Large herds of buffalo once trampled the Great Plains, making the landscape appear black and in motion. Wolves roamed the continent, creating complex societies. This time period now lives as legend, in accounts from early settlers and Indian stories. Scattered reserves are home to relatively small populations.
A recently study by scientists from the Princeton University and the World Wildlife Fund found the story of the buffalo and the wolf common on a global scale. The study found that less than 21% of the earth’s land surface still contains all the large mammals (at least 44 pounds or 20 kilograms) than it did in the year 1500.
About 500 years ago, the earth was in a time of great transition as colonization began increasing significantly. Farming was introduced to new regions, often contributing to the decline of large mammal populations.
These animals have a significant effect on the health and function of ecosystems because large mammals are often top predators and sculpt the landscape. Their disappearance can cause other populations to fluctuate greatly if an equilibrium is broken.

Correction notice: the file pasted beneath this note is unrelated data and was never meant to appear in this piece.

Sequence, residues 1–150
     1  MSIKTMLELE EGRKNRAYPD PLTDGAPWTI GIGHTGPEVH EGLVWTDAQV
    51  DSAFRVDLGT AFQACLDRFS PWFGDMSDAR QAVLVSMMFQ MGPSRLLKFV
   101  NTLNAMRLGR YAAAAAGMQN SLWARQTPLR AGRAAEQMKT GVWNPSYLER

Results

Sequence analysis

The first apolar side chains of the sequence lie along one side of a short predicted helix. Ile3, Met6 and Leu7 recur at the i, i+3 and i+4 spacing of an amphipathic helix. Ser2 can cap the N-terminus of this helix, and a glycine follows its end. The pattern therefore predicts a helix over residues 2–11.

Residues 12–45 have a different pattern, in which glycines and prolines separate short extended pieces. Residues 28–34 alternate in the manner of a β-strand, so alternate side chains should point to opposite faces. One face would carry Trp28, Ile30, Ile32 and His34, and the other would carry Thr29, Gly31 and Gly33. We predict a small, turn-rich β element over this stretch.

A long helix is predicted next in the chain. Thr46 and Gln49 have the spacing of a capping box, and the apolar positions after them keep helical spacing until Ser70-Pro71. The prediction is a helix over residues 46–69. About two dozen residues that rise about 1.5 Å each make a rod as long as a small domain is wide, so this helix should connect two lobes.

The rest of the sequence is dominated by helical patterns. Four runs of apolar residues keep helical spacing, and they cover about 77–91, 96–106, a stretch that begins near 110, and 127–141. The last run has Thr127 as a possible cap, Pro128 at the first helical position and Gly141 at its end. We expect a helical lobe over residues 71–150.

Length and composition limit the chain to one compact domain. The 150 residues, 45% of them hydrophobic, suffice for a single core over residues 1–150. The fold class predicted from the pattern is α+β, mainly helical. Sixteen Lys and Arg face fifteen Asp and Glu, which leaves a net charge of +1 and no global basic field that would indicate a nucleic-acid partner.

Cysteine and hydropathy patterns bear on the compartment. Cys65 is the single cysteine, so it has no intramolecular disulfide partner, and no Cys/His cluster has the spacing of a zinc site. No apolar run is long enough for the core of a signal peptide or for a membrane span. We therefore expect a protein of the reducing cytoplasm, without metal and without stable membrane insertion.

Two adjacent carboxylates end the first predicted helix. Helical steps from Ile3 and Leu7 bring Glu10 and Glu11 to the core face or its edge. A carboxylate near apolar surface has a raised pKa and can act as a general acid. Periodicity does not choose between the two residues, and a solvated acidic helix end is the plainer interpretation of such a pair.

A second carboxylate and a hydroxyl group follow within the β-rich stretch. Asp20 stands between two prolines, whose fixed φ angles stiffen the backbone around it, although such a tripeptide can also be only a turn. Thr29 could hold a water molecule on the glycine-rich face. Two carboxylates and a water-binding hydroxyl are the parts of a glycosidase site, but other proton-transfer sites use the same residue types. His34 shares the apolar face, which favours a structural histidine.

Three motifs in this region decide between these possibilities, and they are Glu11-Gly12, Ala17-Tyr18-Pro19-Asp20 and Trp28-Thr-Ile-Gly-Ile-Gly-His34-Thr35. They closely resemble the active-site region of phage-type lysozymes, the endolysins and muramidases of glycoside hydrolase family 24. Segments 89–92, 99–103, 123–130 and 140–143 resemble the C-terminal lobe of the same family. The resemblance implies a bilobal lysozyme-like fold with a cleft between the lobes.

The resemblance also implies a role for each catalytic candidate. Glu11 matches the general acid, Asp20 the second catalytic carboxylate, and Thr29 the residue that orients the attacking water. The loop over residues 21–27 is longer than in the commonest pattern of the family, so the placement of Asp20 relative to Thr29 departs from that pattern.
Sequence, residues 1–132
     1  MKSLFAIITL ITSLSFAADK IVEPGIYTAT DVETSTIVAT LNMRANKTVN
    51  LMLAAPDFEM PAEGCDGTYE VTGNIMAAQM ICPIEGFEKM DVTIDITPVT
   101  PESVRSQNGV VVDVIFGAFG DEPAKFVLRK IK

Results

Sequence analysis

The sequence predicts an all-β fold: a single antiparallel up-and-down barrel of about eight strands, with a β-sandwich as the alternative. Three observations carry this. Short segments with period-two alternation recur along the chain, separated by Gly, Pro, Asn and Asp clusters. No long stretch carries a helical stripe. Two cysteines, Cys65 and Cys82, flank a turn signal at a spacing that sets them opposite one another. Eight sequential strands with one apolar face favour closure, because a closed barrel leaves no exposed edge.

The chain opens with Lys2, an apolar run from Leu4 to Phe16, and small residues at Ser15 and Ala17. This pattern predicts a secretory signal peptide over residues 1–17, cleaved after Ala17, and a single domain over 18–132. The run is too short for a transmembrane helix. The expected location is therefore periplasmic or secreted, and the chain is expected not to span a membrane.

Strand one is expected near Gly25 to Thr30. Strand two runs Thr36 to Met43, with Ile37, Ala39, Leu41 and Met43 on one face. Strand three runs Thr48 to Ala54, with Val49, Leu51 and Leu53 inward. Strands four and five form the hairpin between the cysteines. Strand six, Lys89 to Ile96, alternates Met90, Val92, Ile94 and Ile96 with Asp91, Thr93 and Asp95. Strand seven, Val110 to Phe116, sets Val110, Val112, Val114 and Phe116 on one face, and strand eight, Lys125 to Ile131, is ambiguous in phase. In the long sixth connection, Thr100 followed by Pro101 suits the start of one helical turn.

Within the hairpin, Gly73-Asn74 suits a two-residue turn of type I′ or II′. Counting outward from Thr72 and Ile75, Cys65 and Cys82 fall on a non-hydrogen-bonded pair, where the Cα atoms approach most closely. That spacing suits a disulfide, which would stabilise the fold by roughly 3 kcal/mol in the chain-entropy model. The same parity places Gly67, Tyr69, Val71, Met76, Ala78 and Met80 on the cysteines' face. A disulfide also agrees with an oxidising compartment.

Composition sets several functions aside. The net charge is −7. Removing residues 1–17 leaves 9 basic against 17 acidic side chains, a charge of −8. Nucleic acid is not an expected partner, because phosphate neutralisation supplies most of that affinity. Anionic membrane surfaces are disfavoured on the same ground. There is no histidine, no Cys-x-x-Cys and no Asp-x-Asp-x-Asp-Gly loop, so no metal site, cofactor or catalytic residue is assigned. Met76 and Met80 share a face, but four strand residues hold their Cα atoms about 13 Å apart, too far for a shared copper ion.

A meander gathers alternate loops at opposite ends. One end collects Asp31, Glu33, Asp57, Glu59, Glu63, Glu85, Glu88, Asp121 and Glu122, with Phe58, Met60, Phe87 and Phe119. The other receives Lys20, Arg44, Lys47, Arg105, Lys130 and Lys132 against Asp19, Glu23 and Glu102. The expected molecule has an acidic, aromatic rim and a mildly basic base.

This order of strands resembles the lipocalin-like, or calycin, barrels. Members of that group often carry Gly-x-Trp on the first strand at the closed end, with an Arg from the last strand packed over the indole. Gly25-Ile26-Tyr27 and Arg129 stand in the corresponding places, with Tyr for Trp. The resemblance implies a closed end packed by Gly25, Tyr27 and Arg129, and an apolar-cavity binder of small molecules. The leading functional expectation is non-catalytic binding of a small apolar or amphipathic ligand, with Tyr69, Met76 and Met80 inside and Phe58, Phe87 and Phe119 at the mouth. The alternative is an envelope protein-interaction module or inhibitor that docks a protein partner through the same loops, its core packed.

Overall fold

“Perhaps the most striking result of our study is that those 109 places that still retain the same roster of large mammals as in 1500AD are either small, intensively managed reserves or places of extremes,” says John Morrison, WWF’s Director of Conservation Measures and lead author of the study. “Remote areas are either too hot, dry, wet, frozen or swampy to support intensive human activities.”
This study speaks to the effects that human populations often have on large mammals and can be used as a tool to shape future action. Eric Dinerstein, WWF’s Chief Scientist and Vice-President of Conservation Science said, “The obvious question we always ask ourselves is: How does this information help us? First, we can now pinpoint places where large mammal assemblages still play important roles in terrestrial ecosystems. Second, we now have targets where through strategic reintroductions – such as returning wolves to Yellowstone – we can restore intactness in places missing one or two species and recover the ecological fabric of these important conservation landscapes.”
Several geographic areas have been identified as priorities of long-term conservation efforts. The Great Plains of North America, the Eastern Himalayas, and Ninibia will be targeted to restore species and bring back populations to levels sufficient to play important ecological roles.
This study highlights the both the effects of human impacts on mammal populations and the opportunity to shift our relationship with these communities.